6. Repeatedly the narrator refers to himself and Dean as criminals: “I search for the exact ciphers which serve to open it all as if for a safe combination” (p. 65); “It’s like the start of a crime of passion” (p. 80); “The simple mechanics of crime” (p. 182); “It’s as if I’ve been in prison” (pp. 184–85). What are their crimes? How do their crimes affect our opinions of them? Does Dean view himself as a criminal?

7. The narrator says that Dean is “aware, for the first time, that she [Anne-Marie] is fully able to speak, to create images strong enough to alter his life” (p. 69). The narrator also imagines that Anne-Marie “understands effortlessly. Life is all quite clear to her. She is one with it. She moves in it like a fish, never wondering if it has a bottom, shores, worlds above it . . .” (p. 73). Salter once stated, “In my books, the woman is always the stronger.” Is this true in A Sport and a Pastime? What are Anne-Marie’s strengths and weaknesses?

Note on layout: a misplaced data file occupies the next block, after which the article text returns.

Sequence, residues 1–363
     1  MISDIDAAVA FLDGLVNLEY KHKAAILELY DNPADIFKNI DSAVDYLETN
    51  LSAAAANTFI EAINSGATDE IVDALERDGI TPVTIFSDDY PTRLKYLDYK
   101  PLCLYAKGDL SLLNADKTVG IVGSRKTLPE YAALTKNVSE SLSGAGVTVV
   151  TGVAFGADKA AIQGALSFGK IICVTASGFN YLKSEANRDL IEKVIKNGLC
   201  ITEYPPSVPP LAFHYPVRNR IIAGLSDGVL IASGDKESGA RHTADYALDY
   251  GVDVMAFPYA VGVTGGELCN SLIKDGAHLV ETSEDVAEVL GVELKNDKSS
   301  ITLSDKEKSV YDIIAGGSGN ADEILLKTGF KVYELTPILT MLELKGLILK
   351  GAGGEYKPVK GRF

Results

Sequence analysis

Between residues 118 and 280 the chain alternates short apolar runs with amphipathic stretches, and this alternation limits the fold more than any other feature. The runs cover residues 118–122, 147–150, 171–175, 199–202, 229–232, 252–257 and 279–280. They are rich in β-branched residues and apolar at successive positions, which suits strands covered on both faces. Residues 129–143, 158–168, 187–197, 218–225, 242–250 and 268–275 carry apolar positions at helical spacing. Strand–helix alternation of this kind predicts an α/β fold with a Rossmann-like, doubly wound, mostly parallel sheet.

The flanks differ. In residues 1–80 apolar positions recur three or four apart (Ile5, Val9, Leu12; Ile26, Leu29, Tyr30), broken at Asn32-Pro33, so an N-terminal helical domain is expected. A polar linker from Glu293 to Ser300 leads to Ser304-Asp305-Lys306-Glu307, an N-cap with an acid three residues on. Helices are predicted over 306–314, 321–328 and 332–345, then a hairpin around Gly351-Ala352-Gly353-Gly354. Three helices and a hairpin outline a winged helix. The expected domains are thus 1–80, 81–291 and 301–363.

8. The narrator declares, “Some things . . . I saw, some discovered, and some dreamed, and I can no longer differentiate between them” (pp. 57–58), and admits, “I am not telling the truth about Dean, I am inventing him. I am creating him out of my own inadequacies, you must always remember that” (p. 85). What does this tell us about the story? In light of this, is the narrator reliable?